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This is The Morning Shift, our one-stop daily roundup of all the auto news that's actually important — all in one place at 9:00 AM. Or, you could spend all day waiting for other sites to parse it out to you one story at a time. Isn't your time more important?

1st Gear: Can America Fix Toyota?


Let's get this out of the way first: Most car companies wish they were as profitable and big as Toyota. They're a monster and they are very successful. To their credit, the seem to remember what they did the big and profitable GM a generation ago and have taken their sliding market share in North America as a reminder of what happens when you lose sight of your mission.

As we've mentioned before and as is captured in this Wall Street Journal article yesterday, planners in local markets are getting more sway over the design and engineering of the vehicles they sell.

This started with the 2014 Toyota Corolla which, at the very least, is a visual improvement over the outgoing model.


What's most interesting in this article is just how many products Toyota USA is getting sway over. From the article:

Toyota's North American operation has gained complete control for the first time over the designs of several models that sell well in the U.S., including the Avalon sedan, the Venza wagon and the Tundra pickup. U.S. executives are getting broader design influence on other vehicles, such as the FJ Cruiser, Tacoma pickup and Sienna minivan. In the past, key design decisions were all made in Japan.


Well, we love the FR-S and the new Lexus products are a marked improvement. Here's hoping they keep it up.

2nd Gear: Honda Accord Hybrid Gets 50 MPG, Rolls Off Line In America


The new Honda Accord Hybrid is striking back at the Ford Fusion Hybrid with a 50 MPG City fuel economy rating that's 3 MPG better than the Fusion Hybrid in the city, although they have the same combined MPG at 47 MPG as the Fusion Hybrid is rated 47 MPG highway and the Honda Accord is only 45 MPG.

Which is to say: both of these are good cars and both get great MPG. If you drive a lot in the city maybe look at the Accord and if you're a highway cruiser maybe look at the Fusion.

Also, it's the first hybrid Honda built at Ohio's Marysville plant so… USA USA USA!


3rd Gear: Mulally Ain't Going Nowhere Yet

Who will replace Alan Mulally? Will it be Carlos Tavares? Will it be Mark "Execumullet" Fields (note: we like Mark Fields, but we've made fun of his hair for so long it'll be interesting to see how they treat us)? Some crazy outsider?


It doesn't matter for now, as Bloomberg reports he'll be at Ford at least through 2014.

BTW, this is a smart move. Has anyone earned more praise (mostly deserved) for running an auto company? Get out while you're head, move to Seattle and try to save Microsoft. Right? That's what's going to happen?


4th Gear: GM Plant Used To Build B-24s To Get Demolished

While we have a lot of nostalgia here for the time when Detroit helped save the world and built B-24 bombers, tanks and other things used to blow up other things, it's probably fitting that the trust set up to deal with the remains of Old GM is going to be demolished to build a new advanced connected vehicle research center.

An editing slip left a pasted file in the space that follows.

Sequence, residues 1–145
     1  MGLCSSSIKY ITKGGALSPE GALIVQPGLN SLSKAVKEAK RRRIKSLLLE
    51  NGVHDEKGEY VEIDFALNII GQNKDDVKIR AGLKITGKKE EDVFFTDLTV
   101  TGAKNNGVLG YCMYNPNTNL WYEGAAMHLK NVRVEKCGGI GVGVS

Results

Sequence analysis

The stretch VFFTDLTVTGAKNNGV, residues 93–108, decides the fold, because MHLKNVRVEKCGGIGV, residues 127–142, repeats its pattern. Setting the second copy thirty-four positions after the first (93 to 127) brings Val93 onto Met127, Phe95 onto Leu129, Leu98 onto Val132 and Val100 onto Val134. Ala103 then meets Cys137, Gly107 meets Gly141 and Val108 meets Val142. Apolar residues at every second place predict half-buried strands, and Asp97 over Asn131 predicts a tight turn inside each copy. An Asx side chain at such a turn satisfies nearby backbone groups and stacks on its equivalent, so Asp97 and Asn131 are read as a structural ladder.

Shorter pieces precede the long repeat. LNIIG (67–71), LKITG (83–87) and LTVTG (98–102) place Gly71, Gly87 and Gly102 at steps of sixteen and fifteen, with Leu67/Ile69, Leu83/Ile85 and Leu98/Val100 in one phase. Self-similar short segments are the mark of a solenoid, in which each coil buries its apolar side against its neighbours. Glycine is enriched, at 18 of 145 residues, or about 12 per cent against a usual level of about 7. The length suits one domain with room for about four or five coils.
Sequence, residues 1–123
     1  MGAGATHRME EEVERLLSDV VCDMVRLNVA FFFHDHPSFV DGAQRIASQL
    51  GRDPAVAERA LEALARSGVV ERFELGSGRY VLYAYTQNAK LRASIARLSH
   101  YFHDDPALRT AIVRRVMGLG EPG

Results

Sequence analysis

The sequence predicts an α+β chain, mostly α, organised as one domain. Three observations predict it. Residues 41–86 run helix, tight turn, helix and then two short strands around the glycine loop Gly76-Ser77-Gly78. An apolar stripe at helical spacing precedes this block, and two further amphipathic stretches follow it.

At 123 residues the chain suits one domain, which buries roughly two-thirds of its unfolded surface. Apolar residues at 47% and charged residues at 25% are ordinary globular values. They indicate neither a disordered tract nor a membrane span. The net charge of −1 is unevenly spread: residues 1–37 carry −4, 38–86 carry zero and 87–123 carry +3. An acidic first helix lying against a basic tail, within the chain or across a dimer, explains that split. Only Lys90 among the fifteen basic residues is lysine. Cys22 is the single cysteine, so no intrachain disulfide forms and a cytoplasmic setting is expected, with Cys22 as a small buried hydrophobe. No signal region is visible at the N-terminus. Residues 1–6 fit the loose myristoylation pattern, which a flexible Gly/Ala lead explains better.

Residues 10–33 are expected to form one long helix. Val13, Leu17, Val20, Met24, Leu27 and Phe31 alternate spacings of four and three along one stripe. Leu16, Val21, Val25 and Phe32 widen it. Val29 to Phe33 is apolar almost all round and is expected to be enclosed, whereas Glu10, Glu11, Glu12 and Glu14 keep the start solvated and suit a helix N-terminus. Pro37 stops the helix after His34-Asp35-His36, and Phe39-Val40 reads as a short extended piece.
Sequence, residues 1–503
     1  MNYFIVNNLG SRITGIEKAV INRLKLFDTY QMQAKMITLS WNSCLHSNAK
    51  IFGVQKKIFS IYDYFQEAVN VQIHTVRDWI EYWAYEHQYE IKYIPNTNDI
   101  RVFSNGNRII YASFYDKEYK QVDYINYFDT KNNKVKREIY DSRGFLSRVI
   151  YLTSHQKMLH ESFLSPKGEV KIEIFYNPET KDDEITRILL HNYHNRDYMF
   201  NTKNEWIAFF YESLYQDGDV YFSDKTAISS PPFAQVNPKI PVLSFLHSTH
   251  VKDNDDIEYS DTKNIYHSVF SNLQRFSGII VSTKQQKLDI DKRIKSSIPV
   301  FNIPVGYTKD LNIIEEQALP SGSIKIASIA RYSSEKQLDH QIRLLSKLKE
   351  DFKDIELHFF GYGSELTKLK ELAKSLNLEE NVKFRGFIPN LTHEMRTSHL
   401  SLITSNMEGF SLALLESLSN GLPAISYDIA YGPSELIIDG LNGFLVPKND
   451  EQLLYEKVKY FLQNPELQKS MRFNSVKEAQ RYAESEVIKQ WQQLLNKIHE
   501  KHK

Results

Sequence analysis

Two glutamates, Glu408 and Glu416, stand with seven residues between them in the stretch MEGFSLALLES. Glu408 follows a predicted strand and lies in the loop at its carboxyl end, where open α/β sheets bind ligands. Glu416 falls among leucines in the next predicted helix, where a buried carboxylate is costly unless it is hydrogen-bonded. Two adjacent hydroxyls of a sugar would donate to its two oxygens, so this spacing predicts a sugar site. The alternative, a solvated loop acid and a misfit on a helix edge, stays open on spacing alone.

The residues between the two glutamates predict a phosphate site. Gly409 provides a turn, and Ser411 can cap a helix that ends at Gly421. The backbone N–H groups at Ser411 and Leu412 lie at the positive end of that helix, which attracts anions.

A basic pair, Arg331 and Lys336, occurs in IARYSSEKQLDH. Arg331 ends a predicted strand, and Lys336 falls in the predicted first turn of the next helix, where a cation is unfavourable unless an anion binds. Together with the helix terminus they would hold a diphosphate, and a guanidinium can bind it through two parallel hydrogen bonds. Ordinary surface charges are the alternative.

Per The Detroit News:

Detroit-based Devon Industrial will supervise demolition by contractor MCM Management of Bloomfield Hills. Walbridge Development, a subsidiary of Walbridge Group Inc., plans to buy the majority of the 332-acre site. Walbridge would redevelop it into a shared research and development center and test track for connected vehicles, pending an agreement with Ypsilanti Township that it is beginning to negotiate, Rasher said. Walbridge, which has served as general contractor and manager for the construction of many automobile manufacturing plants, could buy the site within a year, Rasher said. The sales price is not being disclosed.


5th Gear: Auto Sales A Good Or A Bad Sign?

Yes, Americans are buying tons of cars. Maybe as many cars as in the 90s when you could get rich on a website fronted by a sock puppet and no one had any debt. Or maybe not.


Megan McArdle over at Bloomberg View throws water (and lease data) on the idea that we're all done with the recession just because people are buying cars.

But the new leasing business is disproportionately coming from farther down the food chain: Chevrolet Malibus, Honda Accords and Toyota Camrys. While it’s boosting sales right now, that’s not necessarily a good sign for the auto industry. It’s long been a danger sign when companies had to put a lot of “cash on the hood” — incentives, like rebates, no money down, or zero percent financing — in order to move cars. In some sense, leasing is just a slightly more exotic form of “better financing terms.” Think of them as the option ARMs of the auto market.

Reverse: It's A Pretty Nice Place, Actually

On this day in 2007, Volkswagen of America announces that it is moving its headquarters from Auburn Hills, Michigan to Herndon, Virginia. The company made the move, it said, to be closer to the East-Coasters who buy most of its cars. "You want to work in an environment where you see your customers," Volkswagen CEO Stefan Jacoby told the Washington Post. "You don't want to work where you basically see only American cars of the Big Three."



Neutral: What was the best era of Toyota in North America? Why? Let's talk Toyota.

Photo Credit: Getty Images